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Writers Strike Averted as WGA, Producers Reach Last-Minute Deal

Work stoppage could have shut down Fall TV Season, scuttled upcoming movies.

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 picket sign addresses the question of whether the strike may end soon while Writers Guild of America members and supporters picket in front of NBC studios as hope grows that a draft copy of a proposed deal with Hollywood studios being completed today could lead to an end to the three-month old Hollywood writers strike within days, on February 8, 2008 in Burbank, California.
The Writers Guild of America avoided a strike like the one that rocked the film and TV industries in 2008. (Getty Images).

 

At the last minute, the Writers Guild of America and the organization representing producers wrote a happy ending to avert a strike that would have crippled the TV and film industries.

The work stoppage had been set for May 2, but a three-year deal was reached between the WGA and the Alliance of Motion Picture and Television Producers. The stakes were high: The last writers strike lasted for 100 days—between November 5, 2007 and February 12, 2008—delayed the television season and scuttled a number of high-profile movie projects.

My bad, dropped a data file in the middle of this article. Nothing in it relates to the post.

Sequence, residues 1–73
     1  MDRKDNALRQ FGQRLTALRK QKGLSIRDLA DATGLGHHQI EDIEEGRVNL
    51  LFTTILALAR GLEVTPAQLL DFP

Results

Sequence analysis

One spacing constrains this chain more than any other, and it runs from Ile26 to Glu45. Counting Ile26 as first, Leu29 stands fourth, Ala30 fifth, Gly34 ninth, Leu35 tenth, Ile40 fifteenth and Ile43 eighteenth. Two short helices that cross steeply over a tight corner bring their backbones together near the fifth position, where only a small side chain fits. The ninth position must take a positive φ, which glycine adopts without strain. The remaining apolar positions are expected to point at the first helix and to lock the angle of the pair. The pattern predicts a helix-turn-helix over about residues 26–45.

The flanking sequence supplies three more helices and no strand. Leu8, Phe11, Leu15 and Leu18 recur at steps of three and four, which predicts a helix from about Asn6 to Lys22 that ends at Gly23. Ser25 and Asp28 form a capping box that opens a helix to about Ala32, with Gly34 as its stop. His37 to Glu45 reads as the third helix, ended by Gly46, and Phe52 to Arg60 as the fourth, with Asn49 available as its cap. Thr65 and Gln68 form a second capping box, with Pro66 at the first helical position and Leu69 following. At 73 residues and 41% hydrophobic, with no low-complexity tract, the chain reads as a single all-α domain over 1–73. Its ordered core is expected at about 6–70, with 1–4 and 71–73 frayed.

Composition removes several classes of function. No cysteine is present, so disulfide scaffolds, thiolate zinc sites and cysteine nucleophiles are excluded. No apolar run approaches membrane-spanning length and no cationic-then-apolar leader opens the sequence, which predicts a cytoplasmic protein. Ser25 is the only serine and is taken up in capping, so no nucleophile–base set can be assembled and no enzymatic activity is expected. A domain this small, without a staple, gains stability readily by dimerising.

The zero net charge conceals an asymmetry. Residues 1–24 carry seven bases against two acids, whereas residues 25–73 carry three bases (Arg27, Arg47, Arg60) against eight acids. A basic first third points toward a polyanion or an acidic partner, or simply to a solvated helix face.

The cost to the California economy alone if a writers strike had kicked off Tuesday would have been an estimated $200 million a week, according to the Hollywood Reporter.

Terms of the deal have yet to be released, but the WGA demands included raises in script fees, an improvement in pay for those working on shows for cable and streaming video at on-demand outlets, and contributions to a health plan.

“The Writers Guilds of America, West and East and the Alliance of Motion Picture and Television Producers have concluded negotiations and have reached a tentative agreement on terms for a new three-year collective bargaining agreement,” the two groups said in joint a statement.

Read the full story at The Hollywood Reporter

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